Amazon TV pilot review: The Man in the High Castle, Down Dog and The New Yorker Presents
Ivan Radford | On 18, Jan 2015
Hot on the heels of Transparent’s Golden Globe win, Amazon is back with its new season of TV pilots – available for free to customers and non-customers alike. Feedback from viewers is then used to decide which to commission as full series. Judging by the line-up (which we’ll be reviewing over the coming week), Amazon is looking more and more like a TV producer to be reckoned with.
But enough about that, we need to talk about The Man in the High Castle.
The Man in the High Castle
Every Amazon pilot season has had a stand-out show that demands to be made into a TV series immediately. This year, The Man in the High Castle is it.
Philip K. Dick’s Hugo Award-winning novel has hovered around the small screen for years now – and who can blame it? An alternative history that questions what would happen if the Axis powers won Word War II, it’s the kind of political sci-fi you can imagine the BBC doing very well. Now, it’s finally popped up on Amazon’s table, with Ridley Scott as a producer and The X-Files’ Frank Spotnitz as writer. The result is even better than you could possibly expect.
One word sums up this pilot’s achievement: world-building. Director David Semel has previous with making the fantastical believable on Heroes and his production design team are impeccable, from the chilling sight of Times Square with a neon swastika glowing over it to the unsettling juxtaposition of San Francisco and Japanese road signs.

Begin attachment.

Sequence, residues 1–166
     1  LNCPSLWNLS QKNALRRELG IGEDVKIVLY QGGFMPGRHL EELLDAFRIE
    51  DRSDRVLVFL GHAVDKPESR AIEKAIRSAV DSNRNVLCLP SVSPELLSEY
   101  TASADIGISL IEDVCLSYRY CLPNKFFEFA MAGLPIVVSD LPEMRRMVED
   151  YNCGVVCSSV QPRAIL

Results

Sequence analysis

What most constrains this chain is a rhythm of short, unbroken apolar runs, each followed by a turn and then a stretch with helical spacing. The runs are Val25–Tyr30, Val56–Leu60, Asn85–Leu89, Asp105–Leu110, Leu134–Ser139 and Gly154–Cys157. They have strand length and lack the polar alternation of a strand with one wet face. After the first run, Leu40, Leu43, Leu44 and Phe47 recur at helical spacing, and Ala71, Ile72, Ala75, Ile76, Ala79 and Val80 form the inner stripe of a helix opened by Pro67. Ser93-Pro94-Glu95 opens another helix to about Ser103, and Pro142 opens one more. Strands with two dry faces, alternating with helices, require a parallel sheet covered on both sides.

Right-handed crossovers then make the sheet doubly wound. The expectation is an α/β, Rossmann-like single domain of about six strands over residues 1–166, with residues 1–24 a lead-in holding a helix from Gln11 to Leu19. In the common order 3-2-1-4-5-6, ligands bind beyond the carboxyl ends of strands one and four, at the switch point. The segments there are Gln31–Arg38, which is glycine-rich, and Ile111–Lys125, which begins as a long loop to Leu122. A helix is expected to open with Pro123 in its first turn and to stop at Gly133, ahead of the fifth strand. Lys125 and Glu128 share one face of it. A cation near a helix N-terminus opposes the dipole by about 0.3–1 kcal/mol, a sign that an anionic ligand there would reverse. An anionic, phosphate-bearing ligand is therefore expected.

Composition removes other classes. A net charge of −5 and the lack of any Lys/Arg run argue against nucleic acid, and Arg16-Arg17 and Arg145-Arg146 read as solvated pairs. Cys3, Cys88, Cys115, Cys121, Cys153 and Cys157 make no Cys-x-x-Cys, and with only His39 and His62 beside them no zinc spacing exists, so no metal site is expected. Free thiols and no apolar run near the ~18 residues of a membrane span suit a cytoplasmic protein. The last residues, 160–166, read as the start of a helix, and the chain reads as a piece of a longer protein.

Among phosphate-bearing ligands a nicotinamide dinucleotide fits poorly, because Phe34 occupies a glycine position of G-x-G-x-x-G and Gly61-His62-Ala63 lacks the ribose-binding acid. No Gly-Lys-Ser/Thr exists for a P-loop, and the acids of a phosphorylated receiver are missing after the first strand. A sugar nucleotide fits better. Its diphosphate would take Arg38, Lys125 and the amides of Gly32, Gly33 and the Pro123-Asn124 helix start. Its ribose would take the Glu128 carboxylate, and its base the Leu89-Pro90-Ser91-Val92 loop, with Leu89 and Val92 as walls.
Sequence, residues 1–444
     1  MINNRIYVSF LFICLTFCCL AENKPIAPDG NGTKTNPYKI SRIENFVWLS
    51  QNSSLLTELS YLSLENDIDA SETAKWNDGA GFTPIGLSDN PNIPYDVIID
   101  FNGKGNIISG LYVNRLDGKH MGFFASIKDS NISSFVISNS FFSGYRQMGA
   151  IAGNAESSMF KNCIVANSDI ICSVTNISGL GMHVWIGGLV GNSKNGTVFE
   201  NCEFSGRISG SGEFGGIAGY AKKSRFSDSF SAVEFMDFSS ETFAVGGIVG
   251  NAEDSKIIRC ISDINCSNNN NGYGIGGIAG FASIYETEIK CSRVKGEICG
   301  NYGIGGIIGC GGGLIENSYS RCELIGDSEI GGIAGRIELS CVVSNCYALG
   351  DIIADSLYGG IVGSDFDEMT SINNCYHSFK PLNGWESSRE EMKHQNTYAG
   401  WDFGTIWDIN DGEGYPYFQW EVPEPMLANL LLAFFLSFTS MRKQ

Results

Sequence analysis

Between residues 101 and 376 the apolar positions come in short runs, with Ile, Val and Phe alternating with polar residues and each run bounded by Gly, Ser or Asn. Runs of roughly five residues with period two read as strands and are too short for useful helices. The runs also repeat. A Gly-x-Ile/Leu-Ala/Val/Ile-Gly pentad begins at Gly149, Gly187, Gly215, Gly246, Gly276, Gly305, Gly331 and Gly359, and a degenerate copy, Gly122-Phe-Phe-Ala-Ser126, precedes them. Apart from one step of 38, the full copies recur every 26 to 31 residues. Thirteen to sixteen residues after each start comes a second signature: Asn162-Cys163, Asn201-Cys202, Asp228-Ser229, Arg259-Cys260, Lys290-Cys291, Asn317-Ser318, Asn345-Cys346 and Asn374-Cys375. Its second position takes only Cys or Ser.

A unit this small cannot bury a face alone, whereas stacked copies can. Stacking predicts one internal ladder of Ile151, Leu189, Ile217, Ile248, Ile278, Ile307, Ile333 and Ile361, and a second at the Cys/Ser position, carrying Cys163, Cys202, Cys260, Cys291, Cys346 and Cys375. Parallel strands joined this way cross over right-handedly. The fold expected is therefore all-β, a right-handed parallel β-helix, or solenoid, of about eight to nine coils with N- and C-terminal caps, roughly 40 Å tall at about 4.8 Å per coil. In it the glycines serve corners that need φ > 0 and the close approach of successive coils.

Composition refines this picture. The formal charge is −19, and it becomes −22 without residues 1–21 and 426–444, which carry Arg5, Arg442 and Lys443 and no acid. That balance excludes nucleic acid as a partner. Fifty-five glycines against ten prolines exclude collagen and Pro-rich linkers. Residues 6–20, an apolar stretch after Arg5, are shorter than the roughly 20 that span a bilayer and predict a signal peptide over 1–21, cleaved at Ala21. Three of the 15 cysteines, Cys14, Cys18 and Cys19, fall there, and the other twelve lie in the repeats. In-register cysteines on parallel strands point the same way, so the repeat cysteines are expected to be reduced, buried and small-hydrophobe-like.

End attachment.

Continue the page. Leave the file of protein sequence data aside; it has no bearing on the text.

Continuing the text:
The premise? The US has been split between the victors, Japan getting the Pacific half, Germany the Atlantic. What’s remarkable is less that K. Dick conceived such a thing (alternative histories are somewhat common these days) but that you buy into it without a second thought.
Julia (an excellent Alexa Davalos) and Joe Blake (a likeable, fresh-faced Rupert Evans) emerge as the main characters. She’s the wife of a factory worker on the East coast. He’s a young lad in the West with a dad who fought in the war. Each of them become caught up in the rebellion against the ruling authorities – specifically, the discovery of old film reels (made, according to rumours, by the eponymous Man in the High Castle). In the original novel, these materials were printed books, but while elements of Dick’s work have been streamlined, Spotnitz’s script ensures that the smart set-up is easy to follow for newcomers or old fans, without losing the author’s signature cool intelligence.
“What is that, ash?” asks one character halfway through, as snow falls from the sky. “The local hospital,” replies a police officer. “They burn the elderly, the infirm. A drag on the state.”
The matter-of-fact presentation only adds to the chilling tone – one that’s established by a fantastic opening credits sequence involving a quiet cover of Edelweiss, not to mention Rufus Sewell as an eerily straight-faced Nazi officer, who has a taste for hunting down and torturing suspects.